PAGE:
Bearing floral wreaths and observed by a crowd of local supporters, the newly elected leadership of the ANC marked 106 years of the party by solemnly visiting the East London gravesite of four founding presidents.
United by their storied history, the stark political differences between incoming president Cyril Ramaphosa, deputy president David Mabuza and secretary general Ace Magashule were momentarily obscured. While the celebration of long-dead leaders remains a bonding force, navigating the living legacy of Jacob Zuma--the ANC's most recent leader and South Africa's divisive outgoing president--is a far more fraught challenge.
Since being narrowly elected ANC leader in December in a bitter inter-party contest against Zuma's hand-picked successor, the pro-business Ramaphosa has quietly set about grasping the reins of power. Yet with Zuma allies elected to key senior roles in the party, Ramaphosa's ability to close an era of state patronage, sluggish economic growth and unending political scandal remains in doubt.
"It's a very tricky transition period. Ramaphosa does have the upper hand at the moment - the momentum is in his favour, there are defections from the Zuma camp and everyone knows he will be the next president," says Robert Besseling, political analyst at ExxAfrica.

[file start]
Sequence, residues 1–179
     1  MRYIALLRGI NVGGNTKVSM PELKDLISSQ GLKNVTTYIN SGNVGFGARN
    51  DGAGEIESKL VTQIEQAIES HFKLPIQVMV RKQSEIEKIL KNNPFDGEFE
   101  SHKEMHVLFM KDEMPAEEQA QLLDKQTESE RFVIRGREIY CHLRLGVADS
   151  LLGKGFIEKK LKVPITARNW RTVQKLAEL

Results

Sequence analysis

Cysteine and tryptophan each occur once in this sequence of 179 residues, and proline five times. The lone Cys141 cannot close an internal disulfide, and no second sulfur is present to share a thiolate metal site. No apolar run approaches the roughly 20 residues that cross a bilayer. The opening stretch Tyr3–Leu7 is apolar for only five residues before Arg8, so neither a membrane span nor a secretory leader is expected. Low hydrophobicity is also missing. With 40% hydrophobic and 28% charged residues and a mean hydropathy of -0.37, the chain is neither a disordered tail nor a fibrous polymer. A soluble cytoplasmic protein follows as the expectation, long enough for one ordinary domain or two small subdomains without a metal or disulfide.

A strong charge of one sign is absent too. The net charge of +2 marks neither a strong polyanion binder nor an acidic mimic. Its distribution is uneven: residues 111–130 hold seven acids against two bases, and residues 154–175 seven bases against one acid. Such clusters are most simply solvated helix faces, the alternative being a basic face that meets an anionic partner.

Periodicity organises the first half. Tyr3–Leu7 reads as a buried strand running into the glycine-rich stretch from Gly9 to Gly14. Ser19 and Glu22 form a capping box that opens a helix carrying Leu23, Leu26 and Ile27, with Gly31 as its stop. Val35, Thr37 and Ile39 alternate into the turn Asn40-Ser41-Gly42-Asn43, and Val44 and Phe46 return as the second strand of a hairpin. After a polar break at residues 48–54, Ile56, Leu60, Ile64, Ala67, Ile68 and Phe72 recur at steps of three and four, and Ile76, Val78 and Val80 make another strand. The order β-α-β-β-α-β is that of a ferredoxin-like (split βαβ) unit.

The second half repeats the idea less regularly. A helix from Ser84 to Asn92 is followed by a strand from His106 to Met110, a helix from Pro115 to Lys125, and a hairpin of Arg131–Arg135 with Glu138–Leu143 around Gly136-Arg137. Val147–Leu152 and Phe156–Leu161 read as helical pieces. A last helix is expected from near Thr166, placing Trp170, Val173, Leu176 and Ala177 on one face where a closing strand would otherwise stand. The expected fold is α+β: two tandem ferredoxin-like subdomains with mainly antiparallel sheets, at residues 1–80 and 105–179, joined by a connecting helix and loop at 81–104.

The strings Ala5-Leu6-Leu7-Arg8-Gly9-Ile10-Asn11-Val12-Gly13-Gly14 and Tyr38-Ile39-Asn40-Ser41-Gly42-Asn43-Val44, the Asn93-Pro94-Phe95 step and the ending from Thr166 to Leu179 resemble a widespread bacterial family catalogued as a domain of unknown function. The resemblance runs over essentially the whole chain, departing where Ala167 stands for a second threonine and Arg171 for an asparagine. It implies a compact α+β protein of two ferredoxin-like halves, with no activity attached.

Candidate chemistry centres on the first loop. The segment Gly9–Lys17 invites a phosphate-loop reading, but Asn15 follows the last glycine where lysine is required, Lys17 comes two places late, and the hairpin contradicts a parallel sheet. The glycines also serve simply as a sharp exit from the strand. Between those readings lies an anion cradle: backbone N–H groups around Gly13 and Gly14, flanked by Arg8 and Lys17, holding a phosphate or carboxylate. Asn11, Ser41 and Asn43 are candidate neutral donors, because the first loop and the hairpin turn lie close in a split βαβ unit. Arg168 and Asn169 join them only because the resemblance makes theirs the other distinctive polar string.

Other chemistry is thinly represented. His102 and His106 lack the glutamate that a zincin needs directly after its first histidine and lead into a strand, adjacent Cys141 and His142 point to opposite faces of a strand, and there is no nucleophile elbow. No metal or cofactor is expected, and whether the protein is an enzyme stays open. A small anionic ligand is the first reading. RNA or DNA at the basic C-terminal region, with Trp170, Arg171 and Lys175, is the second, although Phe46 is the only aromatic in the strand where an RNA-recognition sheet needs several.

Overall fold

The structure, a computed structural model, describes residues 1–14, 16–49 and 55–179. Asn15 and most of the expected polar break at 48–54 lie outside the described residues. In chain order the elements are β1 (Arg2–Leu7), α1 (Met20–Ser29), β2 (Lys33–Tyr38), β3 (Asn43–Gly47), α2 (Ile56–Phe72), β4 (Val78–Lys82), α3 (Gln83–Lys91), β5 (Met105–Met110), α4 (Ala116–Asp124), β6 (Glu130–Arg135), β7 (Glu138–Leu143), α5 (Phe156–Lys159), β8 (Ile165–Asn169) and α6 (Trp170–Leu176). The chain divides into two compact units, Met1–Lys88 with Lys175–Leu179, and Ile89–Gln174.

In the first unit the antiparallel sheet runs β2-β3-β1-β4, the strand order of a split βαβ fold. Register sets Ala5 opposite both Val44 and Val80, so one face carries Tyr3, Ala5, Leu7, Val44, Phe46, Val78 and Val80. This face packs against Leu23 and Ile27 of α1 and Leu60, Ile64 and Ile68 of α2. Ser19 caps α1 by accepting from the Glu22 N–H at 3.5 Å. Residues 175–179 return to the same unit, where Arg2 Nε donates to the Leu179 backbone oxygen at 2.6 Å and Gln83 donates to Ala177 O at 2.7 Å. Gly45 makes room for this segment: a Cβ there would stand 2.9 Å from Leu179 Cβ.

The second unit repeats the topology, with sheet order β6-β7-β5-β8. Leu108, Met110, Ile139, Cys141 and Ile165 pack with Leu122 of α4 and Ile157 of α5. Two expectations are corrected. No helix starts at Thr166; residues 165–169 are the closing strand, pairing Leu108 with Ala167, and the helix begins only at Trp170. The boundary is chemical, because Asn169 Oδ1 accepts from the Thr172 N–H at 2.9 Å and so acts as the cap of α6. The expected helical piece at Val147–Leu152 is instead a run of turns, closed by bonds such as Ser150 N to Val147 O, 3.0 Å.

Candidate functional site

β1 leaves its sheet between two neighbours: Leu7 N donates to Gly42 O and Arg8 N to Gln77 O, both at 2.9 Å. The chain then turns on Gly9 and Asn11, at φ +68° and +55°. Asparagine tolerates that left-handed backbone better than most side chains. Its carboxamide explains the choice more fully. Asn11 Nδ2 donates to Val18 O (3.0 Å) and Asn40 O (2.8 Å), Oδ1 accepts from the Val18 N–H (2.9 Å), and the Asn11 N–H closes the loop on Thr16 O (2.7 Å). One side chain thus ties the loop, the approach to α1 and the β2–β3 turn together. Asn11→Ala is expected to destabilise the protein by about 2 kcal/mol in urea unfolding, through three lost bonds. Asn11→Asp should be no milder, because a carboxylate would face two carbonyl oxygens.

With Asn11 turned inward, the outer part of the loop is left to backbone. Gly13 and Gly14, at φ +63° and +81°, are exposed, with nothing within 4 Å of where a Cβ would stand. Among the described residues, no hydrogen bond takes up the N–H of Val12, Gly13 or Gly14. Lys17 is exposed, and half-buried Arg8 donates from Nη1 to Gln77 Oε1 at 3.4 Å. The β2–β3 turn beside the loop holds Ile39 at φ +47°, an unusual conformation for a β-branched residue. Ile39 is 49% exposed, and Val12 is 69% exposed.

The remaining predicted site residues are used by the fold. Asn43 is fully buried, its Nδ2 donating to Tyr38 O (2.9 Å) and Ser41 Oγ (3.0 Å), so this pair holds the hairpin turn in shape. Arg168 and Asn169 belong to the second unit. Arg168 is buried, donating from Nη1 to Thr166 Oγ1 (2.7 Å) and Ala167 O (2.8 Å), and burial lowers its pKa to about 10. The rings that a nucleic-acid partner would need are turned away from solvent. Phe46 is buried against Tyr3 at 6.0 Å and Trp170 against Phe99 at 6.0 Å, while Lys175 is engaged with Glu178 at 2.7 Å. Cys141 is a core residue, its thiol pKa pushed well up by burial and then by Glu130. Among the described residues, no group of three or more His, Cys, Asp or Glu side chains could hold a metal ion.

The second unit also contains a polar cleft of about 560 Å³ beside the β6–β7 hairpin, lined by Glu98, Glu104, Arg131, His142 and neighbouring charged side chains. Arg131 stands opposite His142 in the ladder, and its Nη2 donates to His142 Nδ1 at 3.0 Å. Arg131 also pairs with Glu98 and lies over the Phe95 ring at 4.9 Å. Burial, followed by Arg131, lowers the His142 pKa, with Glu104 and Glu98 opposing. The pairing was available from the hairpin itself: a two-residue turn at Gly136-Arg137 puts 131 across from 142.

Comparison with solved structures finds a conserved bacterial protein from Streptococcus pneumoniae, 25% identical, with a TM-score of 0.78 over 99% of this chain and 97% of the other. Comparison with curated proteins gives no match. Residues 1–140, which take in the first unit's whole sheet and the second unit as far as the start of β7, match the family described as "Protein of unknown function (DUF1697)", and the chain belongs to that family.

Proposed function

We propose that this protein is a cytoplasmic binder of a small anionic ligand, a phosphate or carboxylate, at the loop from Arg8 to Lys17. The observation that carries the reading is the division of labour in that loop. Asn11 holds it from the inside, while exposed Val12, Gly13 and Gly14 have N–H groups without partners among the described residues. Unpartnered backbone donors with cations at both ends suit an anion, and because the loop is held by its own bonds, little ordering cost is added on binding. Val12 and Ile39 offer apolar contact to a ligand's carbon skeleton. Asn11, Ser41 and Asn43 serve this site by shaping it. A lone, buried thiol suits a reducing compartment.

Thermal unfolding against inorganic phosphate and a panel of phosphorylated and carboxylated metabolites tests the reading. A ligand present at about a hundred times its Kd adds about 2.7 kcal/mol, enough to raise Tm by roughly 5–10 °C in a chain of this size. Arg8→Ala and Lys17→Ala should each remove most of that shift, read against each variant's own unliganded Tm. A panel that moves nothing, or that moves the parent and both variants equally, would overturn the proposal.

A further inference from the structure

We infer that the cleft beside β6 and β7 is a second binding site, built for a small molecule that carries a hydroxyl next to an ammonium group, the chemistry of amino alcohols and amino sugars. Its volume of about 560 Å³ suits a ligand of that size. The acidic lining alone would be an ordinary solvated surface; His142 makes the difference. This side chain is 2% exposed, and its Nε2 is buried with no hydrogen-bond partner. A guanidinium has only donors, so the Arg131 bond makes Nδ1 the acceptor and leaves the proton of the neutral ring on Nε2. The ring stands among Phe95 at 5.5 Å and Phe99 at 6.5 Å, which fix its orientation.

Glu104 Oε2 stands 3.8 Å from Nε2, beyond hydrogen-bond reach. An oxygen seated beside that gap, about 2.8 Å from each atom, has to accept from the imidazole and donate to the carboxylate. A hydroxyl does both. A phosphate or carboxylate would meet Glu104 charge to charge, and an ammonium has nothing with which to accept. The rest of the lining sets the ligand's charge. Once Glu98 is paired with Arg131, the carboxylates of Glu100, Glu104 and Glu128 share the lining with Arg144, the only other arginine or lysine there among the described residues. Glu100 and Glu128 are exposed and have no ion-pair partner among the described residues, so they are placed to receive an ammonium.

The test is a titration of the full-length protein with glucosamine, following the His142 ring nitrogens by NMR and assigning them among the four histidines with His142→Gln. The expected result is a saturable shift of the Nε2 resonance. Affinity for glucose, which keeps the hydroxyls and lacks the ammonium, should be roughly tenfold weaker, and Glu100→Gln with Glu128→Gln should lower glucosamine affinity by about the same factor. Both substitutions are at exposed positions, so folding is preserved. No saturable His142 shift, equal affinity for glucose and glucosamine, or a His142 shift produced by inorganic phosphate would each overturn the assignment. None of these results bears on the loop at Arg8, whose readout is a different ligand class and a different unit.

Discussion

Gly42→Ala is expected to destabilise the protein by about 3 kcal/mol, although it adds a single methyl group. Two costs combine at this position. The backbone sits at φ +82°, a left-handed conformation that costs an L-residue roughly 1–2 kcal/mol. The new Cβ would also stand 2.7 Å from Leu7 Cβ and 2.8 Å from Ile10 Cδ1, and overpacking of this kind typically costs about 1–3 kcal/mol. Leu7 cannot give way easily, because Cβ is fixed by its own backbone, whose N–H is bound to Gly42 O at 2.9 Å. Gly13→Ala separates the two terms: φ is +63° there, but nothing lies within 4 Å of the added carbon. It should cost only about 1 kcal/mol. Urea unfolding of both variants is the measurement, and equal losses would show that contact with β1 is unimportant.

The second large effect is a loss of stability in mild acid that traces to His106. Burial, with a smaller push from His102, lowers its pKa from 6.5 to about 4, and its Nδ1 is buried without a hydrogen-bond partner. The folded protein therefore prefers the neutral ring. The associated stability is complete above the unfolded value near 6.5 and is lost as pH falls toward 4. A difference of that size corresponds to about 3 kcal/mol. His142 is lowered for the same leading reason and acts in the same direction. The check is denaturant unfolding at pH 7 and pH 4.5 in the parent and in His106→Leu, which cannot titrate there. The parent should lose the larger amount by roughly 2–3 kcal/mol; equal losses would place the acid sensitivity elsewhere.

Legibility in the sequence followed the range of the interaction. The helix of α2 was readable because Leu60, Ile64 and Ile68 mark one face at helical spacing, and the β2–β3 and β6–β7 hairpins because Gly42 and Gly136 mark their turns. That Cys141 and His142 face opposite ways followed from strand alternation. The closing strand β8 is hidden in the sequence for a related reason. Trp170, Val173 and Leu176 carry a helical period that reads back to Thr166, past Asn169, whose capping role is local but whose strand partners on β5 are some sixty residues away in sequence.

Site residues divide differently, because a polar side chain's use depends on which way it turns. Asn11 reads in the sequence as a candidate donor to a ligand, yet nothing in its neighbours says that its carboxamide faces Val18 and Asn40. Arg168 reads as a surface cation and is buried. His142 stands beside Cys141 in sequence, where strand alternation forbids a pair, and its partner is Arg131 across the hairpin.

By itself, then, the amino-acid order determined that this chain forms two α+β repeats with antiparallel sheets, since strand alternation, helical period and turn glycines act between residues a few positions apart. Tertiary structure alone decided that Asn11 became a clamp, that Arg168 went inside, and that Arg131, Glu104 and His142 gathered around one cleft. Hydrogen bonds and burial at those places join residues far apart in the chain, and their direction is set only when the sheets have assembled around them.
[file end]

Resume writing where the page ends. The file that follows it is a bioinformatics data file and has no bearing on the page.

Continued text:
"[But] Zuma is still firmly entrenched in the party and government--of the new leadership three of the top six are in his camp, more than half of the National Executive Committee are still associated with the Zuma camp and the vast majority of lawmakers in parliament are in the Zuma camp."
The fractured political landscape is complicated by an ANC quirk which means that while Ramaphosa is now party leader of the ANC, Zuma officially remains president of South Africa until the 2019 elections--a system seemingly designed to fuel government inertia and inter-party factionalism. At time of going to press, rumours suggested that Zuma could be ousted in a matter of weeks.
Faced with this delicate balancing act but safe in the knowledge that time was on his side, Ramaphosa had previously broached the question of Zuma's early exit with magnanimity, sending signals that a dignified transition was likely.
"We need to deal with this matter with the level of maturity it requires, with the proper decorum and I'll say we should never do it in a way that's going to humiliate President Zuma. We should never do it in a manner that's going to also divide the nation," he...